Tuning the energy levels of organic semiconductors

Tuning the energy levels of organic semiconductors
Examples of film structures used for the calculations of the charge - quadrupole interaction energy (EQ) of crystalline films in edge-on (a) and face-on orientation (b). The molecules are represented by discs for illustration purpose. The length scale is given in Å. EQ values are calculated for the red molecules at the film surface. Credit: Frank Ortmann

Physicists from the Dresden Integrated Center for Applied Physics and Photonic Materials (IAPP) and the Center for Advancing Electronics Dresden (cfaed) at the TU Dresden, together with researchers from Tübingen, Potsdam and Mainz were able to demonstrate how electronic energies in organic semiconductor films can be tuned by electrostatic forces. A diverse set of experiments supported by simulations were able to rationalize the effect of specific electrostatic forces exerted by the molecular building blocks on charge carriers. The study was published recently in Nature Communications.

In based on organic semiconductors such as solar cells, , photodetectors or transistors, electronic excitations and charge transport levels are important concepts to describe their operation principles and performances. The corresponding energetics, however, are more difficult to access and to tune than in conventional inorganic semiconductors like silicon chips, which stands as a general challenge. This applies both to the measurement and to the controlled influence from outside.

One tuning knob exploits the long-range Coulomb interactions, which is enhanced in organic materials. In the present study, the dependence of the energies of charge transport levels and of excitonic states on blend composition and molecular orientation in the is explored. Excitons are bound pairs of an electron and a hole that are formed in the semiconductor material by light absorption. Scientists refer to blend composition when the components consist of different organic semiconducting materials. The findings demonstrate that the energetics in organic films can be tuned by adjusting a single molecular parameter, namely the molecular quadrupole moment in the pi-stacking direction of the molecules. An electric quadrupole can consist of two positive and two equally strong negative charges which form two oppositely equal dipoles. In the simplest case, the four charges are alternately arranged at the corners of a square.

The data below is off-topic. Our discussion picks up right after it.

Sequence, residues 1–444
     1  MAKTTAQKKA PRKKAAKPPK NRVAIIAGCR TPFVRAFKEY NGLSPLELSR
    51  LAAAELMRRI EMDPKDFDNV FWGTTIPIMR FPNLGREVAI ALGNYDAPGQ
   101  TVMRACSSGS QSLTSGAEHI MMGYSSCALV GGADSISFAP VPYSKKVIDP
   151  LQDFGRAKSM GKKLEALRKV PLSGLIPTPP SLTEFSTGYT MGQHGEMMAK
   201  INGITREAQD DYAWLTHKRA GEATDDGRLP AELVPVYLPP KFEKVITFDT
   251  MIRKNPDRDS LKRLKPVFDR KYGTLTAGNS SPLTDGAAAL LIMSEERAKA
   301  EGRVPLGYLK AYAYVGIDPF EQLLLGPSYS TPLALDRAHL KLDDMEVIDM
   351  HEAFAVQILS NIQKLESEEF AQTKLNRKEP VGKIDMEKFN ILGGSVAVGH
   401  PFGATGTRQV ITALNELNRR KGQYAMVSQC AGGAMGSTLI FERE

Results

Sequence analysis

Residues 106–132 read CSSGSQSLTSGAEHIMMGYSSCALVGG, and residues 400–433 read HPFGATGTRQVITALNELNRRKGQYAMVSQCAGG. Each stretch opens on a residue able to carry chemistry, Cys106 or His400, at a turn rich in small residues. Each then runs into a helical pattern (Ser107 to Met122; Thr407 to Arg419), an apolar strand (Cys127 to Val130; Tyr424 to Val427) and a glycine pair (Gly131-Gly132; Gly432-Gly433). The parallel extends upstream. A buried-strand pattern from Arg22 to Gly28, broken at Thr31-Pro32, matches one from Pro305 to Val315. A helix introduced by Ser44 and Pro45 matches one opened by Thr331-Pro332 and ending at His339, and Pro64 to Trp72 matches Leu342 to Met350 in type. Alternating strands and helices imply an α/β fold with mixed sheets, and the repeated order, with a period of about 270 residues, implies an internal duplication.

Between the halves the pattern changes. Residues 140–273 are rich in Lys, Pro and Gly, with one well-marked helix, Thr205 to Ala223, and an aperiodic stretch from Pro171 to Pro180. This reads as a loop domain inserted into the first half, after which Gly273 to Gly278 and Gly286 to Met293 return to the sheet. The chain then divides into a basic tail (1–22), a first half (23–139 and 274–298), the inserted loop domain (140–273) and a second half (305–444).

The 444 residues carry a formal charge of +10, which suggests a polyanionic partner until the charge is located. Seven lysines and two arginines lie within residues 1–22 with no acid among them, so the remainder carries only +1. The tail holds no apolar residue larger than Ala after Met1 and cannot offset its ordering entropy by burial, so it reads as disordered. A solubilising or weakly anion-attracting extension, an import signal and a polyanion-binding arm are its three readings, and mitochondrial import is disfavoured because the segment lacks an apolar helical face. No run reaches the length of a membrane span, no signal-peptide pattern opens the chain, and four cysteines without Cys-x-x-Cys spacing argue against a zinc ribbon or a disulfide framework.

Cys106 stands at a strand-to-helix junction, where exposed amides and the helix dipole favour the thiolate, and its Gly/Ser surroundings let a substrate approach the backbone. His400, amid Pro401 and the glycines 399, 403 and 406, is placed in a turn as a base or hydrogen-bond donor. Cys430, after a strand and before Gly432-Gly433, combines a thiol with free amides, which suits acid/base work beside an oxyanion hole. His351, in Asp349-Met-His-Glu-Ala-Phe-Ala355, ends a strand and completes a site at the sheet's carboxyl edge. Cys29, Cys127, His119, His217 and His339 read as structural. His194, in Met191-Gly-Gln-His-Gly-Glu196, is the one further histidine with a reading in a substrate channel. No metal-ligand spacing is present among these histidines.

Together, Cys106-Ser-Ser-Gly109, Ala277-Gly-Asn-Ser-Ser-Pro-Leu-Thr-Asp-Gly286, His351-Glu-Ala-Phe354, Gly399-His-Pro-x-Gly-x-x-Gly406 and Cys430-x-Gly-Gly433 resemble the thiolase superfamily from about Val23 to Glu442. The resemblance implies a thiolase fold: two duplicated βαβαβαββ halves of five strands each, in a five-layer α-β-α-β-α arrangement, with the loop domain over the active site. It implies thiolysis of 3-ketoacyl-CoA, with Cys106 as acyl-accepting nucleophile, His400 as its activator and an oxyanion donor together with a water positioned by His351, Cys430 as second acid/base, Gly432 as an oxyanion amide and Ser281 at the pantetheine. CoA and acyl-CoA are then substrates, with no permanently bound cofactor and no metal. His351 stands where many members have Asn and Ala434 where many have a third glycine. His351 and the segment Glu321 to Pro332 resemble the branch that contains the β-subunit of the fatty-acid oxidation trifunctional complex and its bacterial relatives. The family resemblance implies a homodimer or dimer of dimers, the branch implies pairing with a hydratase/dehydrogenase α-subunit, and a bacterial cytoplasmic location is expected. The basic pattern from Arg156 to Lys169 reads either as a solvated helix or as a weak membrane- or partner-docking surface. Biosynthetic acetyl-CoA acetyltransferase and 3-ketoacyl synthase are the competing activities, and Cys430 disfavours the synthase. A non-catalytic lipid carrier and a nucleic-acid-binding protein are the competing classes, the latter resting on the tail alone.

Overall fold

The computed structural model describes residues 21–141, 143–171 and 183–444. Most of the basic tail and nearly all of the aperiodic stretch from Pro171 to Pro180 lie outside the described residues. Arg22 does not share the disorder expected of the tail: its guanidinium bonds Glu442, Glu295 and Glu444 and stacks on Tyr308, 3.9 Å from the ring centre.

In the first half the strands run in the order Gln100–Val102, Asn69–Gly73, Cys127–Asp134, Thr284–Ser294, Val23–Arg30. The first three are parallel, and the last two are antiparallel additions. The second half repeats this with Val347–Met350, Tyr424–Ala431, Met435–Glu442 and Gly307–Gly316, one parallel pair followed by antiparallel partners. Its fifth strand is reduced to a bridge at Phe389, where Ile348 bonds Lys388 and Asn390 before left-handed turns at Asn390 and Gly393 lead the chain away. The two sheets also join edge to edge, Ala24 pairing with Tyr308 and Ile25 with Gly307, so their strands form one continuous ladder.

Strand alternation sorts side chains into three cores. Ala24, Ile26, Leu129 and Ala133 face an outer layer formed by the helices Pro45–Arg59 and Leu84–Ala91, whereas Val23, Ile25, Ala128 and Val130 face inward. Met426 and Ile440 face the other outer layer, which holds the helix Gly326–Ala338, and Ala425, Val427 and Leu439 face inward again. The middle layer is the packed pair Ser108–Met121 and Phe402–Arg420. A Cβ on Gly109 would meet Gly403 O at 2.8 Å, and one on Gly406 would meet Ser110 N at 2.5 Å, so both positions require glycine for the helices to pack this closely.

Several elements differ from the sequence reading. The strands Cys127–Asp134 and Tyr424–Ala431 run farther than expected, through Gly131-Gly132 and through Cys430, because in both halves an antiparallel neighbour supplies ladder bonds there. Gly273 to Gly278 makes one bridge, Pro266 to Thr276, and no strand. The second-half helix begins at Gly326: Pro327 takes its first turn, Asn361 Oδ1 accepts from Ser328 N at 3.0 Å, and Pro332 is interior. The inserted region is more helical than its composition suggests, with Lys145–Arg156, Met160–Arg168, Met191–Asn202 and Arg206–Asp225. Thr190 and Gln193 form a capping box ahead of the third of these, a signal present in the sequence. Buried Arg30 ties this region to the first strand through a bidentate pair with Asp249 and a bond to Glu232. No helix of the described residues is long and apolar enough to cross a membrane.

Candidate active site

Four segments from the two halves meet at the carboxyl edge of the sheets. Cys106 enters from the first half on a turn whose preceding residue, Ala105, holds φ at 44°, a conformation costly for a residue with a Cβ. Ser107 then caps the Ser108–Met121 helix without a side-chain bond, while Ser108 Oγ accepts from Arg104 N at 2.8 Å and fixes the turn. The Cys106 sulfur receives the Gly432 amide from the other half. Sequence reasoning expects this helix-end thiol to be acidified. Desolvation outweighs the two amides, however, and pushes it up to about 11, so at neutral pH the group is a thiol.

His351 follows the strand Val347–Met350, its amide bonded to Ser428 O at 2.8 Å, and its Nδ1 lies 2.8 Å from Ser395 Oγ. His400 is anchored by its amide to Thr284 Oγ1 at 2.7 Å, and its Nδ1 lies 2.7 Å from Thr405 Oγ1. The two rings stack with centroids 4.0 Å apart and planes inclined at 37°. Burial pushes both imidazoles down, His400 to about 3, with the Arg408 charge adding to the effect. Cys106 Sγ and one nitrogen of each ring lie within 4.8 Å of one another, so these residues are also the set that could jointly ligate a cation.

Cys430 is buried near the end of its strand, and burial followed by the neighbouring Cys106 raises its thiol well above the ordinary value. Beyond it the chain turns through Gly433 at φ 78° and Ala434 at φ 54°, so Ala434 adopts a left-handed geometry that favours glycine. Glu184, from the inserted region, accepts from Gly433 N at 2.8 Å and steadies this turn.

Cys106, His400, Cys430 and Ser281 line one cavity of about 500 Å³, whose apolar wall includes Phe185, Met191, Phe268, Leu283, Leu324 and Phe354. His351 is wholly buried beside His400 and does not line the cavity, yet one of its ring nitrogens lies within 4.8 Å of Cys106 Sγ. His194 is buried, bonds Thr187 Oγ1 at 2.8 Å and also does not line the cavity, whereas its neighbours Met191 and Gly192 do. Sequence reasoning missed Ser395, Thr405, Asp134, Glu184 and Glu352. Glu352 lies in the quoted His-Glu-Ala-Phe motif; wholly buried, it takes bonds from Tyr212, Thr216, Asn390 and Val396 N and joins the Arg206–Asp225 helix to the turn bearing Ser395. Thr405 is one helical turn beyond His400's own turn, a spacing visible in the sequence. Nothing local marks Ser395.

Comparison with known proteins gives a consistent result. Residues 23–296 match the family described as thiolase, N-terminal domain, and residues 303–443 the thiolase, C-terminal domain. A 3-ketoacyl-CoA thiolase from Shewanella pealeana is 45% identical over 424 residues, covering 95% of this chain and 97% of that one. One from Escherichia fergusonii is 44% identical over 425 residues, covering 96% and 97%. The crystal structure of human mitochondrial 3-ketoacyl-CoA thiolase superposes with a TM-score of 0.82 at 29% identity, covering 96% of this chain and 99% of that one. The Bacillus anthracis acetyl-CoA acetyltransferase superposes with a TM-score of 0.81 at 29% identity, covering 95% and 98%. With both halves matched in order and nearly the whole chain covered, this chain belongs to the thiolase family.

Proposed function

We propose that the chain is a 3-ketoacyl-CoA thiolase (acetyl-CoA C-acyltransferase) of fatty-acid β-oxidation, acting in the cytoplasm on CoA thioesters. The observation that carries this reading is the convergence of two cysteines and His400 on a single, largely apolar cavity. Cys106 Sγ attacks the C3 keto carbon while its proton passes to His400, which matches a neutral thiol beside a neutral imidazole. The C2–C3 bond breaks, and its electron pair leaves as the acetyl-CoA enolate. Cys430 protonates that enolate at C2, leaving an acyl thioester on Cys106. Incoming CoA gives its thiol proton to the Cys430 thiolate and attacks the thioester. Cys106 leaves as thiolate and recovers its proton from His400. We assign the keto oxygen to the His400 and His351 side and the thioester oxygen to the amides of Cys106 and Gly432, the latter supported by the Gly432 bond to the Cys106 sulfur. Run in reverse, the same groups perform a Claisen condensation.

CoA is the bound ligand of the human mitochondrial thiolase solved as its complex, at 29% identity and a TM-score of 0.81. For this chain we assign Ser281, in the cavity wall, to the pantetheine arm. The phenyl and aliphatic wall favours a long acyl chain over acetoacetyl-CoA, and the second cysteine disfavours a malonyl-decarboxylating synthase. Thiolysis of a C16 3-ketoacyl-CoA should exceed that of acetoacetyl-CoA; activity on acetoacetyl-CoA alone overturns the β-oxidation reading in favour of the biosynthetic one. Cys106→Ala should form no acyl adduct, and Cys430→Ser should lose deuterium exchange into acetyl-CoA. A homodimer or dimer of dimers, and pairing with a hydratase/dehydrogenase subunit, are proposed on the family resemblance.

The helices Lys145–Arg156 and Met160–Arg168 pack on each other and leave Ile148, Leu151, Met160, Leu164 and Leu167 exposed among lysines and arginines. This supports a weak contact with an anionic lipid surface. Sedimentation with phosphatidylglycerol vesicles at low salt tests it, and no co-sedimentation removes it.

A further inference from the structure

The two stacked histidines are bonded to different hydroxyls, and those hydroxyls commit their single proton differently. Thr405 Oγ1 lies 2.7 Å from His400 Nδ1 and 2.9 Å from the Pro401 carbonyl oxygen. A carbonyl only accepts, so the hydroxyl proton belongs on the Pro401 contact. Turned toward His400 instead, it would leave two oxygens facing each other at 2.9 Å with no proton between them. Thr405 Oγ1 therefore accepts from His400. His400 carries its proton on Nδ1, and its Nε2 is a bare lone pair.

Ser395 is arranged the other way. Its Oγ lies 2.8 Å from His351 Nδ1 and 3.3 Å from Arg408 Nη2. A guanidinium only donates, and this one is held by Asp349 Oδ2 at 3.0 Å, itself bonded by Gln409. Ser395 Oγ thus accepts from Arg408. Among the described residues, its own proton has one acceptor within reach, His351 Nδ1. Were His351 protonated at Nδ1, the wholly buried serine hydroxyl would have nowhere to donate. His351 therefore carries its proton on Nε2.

The authors further link device parameters of organic solar cells such as the photovoltage or the photocurrent to this quadrupole moment. The results help to explain recent breakthroughs of device efficiency in organic , which are based on a new class of organic materials. As the observed electrostatic effect is a general property of organic materials, including so-called "small molecules" and polymers, it can help to improve the performance of all types of organic devices.


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More information: Martin Schwarze et al. Impact of molecular quadrupole moments on the energy levels at organic heterojunctions, Nature Communications (2019). DOI: 10.1038/s41467-019-10435-2
Journal information: Nature Communications

Citation: Tuning the energy levels of organic semiconductors (2019, July 5) retrieved 20 October 2019 from https://phys.org/news/2019-07-tuning-energy-semiconductors.html
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Jul 08, 2019
If operation of organic semiconductors are affected by external electric fields, then it might be beneficial to surround for example organic photovoltaic cell by capacitor, that of course must have at least the top part as transparent. Then one could test what voltage and polarity at the enclosing capacitor would give the best operation of the enclosed solar cell.

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